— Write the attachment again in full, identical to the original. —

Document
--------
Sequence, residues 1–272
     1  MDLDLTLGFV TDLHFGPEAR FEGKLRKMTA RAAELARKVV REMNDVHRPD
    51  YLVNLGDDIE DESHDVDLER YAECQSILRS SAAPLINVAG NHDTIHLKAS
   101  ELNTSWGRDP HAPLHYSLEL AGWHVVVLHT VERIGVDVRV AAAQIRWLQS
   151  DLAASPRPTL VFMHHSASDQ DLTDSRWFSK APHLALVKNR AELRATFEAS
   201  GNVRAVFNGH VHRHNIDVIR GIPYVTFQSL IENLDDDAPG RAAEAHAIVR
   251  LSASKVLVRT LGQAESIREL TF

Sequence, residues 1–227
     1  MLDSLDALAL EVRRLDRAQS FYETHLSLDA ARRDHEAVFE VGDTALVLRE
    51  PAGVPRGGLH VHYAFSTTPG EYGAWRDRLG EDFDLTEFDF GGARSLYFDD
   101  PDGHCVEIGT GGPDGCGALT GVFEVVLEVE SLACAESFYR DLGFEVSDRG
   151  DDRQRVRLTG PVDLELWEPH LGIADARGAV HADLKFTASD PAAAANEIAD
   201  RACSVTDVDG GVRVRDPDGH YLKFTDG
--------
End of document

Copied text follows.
Sequence, residues 1–272
     1  MDLDLTLGFV TDLHFGPEAR FEGKLRKMTA RAAELARKVV REMNDVHRPD
    51  YLVNLGDDIE DESHDVDLER YAECQSILRS SAAPLINVAG NHDTIHLKAS
   101  ELNTSWGRDP HAPLHYSLEL AGWHVVVLHT VERIGVDVRV AAAQIRWLQS
   151  DLAASPRPTL VFMHHSASDQ DLTDSRWFSK APHLALVKNR AELRATFEAS
   201  GNVRAVFNGH VHRHNIDVIR GIPYVTFQSL IENLDDDAPG RAAEAHAIVR
   251  LSASKVLVRT LGQAESIREL TF

Sequence, residues 1–227
     1  MLDSLDALAL EVRRLDRAQS FYETHLSLDA ARRDHEAVFE VGDTALVLRE
    51  PAGVPRGGLH VHYAFSTTPG EYGAWRDRLG EDFDLTEFDF GGARSLYFDD
   101  PDGHCVEIGT GGPDGCGALT GVFEVVLEVE SLACAESFYR DLGFEVSDRG
   151  DDRQRVRLTG PVDLELWEPH LGIADARGAV HADLKFTASD PAAAANEIAD
   201  RACSVTDVDG GVRVRDPDGH YLKFTDG